When I was a child, after Sunday church my parents would take my sister and me to IHOP, dressed in our Sunday best. I was so excited, it made church worth going to. The thought of having dessert for breakfast was fabulous and I couldn’t believe that my parents actually let us get away with it. But every time we went to IHOP I ordered the same thing, waffles with strawberries and Cool Whip on top. I mostly ate the strawberries and cool whip and left the rest on the plate. Pretty soon my parents picked up on it and said if I didn’t eat the waffle part, they wouldn’t let me order it again.
In high school, Mom would make us hot cereal, mostly cream-of-wheat or oatmeal for breakfast. My eating patterns had changed and I could barely stomach any food before noon, otherwise I felt nauseous. I started ditching the cereal and had Diet Coke religiously every morning for breakfast. My junior year in high school, my English teacher Mr. Loewe asked “Is that all you have for breakfast?” “Yep,” I replied. “That’s not the healthiest way to treat your brain, Laurel.”
In college at UCSB, I lived in the dorms and had the unlimited meal plan at the Carrillo Dining Commons. This was a very bad idea. I went from eating one full meal a day to three-plus meals. Had to get my money’s worth. Every morning before my 8am class, I had a large bowl full of yogurt, granola, bananas and honey. I washed this down with a large, whole milk vanilla latte. I thought I was eating so healthy until I went on the scale and saw that I had gained about thirty pounds. I’m sure the 3am pizza deliveries didn’t help either.
In my adult years, this new term “brunch” started circulating around. Originally it sounded like a good idea, combining two meals into one. By nature I have a productive personality, so I saw this as step up in mealtime efficiency. But I partook in one of these “brunch” events and was sadly disappointed. Organizing who to invite, where to meet, what time, and then arriving at the “brunch” establishment only wait for about another hour or so, starving and irritable, took all the juice out of me. At the end of the meal, I was full and tired. I went home and took a nap, only to wake up for dinner time, eat again, and then go to bed. Wait a minute. So if you’re a working girl like me, and you have two days off during the week, this meal called “brunch” basically takes up an entire day of your two days off. Forget this.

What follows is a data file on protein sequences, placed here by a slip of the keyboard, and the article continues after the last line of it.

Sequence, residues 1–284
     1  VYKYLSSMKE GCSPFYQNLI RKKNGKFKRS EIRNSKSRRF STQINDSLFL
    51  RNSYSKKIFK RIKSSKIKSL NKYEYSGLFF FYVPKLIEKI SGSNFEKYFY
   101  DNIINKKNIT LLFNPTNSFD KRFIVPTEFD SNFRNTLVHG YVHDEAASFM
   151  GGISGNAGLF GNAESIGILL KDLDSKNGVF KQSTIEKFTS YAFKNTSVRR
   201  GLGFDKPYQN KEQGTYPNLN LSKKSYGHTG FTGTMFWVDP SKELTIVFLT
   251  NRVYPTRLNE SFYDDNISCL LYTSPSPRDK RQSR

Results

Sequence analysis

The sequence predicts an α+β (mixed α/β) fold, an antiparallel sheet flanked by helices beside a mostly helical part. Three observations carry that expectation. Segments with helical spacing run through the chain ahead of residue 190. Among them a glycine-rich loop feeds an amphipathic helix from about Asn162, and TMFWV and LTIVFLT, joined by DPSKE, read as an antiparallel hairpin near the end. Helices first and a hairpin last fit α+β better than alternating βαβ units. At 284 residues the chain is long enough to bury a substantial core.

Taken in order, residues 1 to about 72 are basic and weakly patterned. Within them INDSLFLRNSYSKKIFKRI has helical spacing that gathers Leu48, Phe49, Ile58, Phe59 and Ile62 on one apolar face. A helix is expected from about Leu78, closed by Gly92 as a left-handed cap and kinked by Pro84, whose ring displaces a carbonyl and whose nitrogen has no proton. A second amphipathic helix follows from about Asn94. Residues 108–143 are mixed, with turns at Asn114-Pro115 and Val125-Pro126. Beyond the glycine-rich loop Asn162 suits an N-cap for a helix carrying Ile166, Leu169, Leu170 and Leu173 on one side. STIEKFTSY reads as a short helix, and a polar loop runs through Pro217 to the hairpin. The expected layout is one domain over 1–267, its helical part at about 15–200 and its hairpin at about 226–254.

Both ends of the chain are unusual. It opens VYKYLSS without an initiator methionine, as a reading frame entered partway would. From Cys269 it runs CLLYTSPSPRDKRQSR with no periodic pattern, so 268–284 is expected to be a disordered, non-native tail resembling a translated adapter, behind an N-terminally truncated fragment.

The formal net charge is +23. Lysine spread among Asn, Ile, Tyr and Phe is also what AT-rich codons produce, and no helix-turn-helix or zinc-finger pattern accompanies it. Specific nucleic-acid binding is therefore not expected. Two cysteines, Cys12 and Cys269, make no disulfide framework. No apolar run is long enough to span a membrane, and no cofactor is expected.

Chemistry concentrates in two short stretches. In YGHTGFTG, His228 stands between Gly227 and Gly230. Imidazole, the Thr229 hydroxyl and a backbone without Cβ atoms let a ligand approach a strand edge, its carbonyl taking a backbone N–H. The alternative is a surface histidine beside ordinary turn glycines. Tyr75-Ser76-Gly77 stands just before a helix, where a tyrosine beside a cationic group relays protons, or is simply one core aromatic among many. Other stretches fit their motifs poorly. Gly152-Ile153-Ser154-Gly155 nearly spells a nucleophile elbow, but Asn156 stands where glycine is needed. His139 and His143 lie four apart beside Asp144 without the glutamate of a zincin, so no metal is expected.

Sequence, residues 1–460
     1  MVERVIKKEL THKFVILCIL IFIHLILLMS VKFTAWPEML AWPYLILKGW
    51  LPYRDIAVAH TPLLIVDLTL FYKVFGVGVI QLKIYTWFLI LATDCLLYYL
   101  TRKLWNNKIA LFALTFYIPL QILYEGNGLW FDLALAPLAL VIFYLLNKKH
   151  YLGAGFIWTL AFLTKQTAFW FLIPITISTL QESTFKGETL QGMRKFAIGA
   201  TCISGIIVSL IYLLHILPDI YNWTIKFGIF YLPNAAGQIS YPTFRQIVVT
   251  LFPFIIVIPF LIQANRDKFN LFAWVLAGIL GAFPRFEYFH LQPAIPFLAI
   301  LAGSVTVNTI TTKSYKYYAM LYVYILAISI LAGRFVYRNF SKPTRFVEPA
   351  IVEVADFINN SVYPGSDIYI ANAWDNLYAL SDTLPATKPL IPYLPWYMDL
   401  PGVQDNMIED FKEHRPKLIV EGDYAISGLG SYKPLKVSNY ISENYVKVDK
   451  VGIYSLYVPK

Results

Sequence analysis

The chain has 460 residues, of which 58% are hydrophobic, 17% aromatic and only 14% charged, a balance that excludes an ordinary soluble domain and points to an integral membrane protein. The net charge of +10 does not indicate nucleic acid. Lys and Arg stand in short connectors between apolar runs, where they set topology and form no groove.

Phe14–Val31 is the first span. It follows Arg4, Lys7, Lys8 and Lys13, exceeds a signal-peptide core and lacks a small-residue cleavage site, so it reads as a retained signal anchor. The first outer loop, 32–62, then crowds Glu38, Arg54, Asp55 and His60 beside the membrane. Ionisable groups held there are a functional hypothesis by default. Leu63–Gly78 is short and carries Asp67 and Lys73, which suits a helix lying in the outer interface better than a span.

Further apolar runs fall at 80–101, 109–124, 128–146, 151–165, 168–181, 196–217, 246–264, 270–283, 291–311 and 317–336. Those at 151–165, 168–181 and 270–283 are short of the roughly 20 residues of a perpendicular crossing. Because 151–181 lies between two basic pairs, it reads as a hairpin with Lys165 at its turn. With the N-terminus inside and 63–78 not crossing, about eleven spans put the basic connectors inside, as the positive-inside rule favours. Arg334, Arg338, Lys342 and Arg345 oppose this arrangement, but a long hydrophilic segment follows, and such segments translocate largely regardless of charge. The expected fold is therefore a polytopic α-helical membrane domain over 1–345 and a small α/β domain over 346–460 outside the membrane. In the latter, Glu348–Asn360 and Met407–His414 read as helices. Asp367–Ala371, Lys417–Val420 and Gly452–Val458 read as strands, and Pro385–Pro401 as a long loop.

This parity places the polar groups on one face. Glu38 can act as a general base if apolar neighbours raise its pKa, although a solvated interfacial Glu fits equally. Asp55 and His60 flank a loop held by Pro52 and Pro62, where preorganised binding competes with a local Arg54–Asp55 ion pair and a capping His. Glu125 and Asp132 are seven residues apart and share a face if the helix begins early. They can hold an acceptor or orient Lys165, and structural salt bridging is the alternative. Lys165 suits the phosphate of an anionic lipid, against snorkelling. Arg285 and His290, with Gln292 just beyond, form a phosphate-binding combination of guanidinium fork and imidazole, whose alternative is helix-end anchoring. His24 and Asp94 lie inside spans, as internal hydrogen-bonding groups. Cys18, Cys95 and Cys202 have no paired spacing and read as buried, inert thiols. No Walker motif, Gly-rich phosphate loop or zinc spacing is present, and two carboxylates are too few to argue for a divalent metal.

I decided I didn’t like “brunch” and when I moved to San Francisco I stuck to my large Peet’s coffee and Noah’s salt bagel with lox shmear for breakfast on Chestnut Street. Friends would ask me to join them for “brunch” and I’d tell them I’d either already eaten, or that I’d meet them afterwards for coffee. Instead of spending my entire day around one meal I preferred my Sunday schedule of coffee-bagel-volleyball-hike-powerbar-pedicure-target-laundry. Much more productive in my opinion.
Just when I’d successfully established myself as a “brunch-hater” I moved to New York City. I started meeting people. They started asking me to “brunch.” I wanted to make friends and be polite, so off I went. I decided to give this “brunch” another try. I was equally disappointed. And now not only was there the time waste factor, there was the weather factor.
Once I got a pedicure and rushed off to meet new friends for “brunch” at Blue Ribbon Bakery in the West Village. It was twelve degrees out. I had flip flops on. We had to wait outside the restaurant for an hour and a half. People started staring at my feet and gasping. I started staring at my feet and gasping. They were turning blue, I couldn’t feel them. I wasn’t in California anymore. I excused myself from the group, stumbled inside, and jumped up and down to get my feet circulation back. “Brunch sucks” I told myself.
The following Christmas, my prayers had been answered. My always-creative sister, who remembers my stories, got me a custom tee-shirt. It was lavender and in bold red letters said, I HATE BRUNCH. Thank you God. No longer did I have to come up with excuses, lie, ditch, or sit through that excruciating experience ever again. All I had to do was wear the tee-shirt.
Boy was I wrong. Apparently, people here in NYC take their “brunch” very seriously. I proudly wore my shirt to work at MTV one day, walking down the hall, silently smirking as I noticed co-workers reading my chest. They stopped me. They started asking why. I told them why. They couldn’t believe it. Arguments pro and con started happening, people gathered, in the hallways, in meetings, in my cube, in the ladies room. Fierce words were exchanged. Oh man, this topic was more political than I originally had thought.
The pros? Drinking unlimited bloody marys, mimosas, fabulous florentine eggs, hooray for corned beef hash. Okay, like to drink, no I LOVE to drink. I think we all know that. But daytime boozing puts me in bed by 5pm, and eating all that food at once, frankly makes me naseous. It’s not for everyone!!
So here I am. I live in NYC, I hate brunch, but thankfully I still have friends and they don’t discriminate against me. Occasionally they try and dupe me by asking me to lunch on a Sunday, but I know better and I respond with a polite “call me when you’re done, we can go shopping.” Don’t get me wrong, I love me a good Bloody Mary and I pride myself on making some of the thickest, spiciest around town. And I don’t have to wait for Sunday to drink them. As for Cool Whip? Okay, I’ll admit, I do still dabble in that.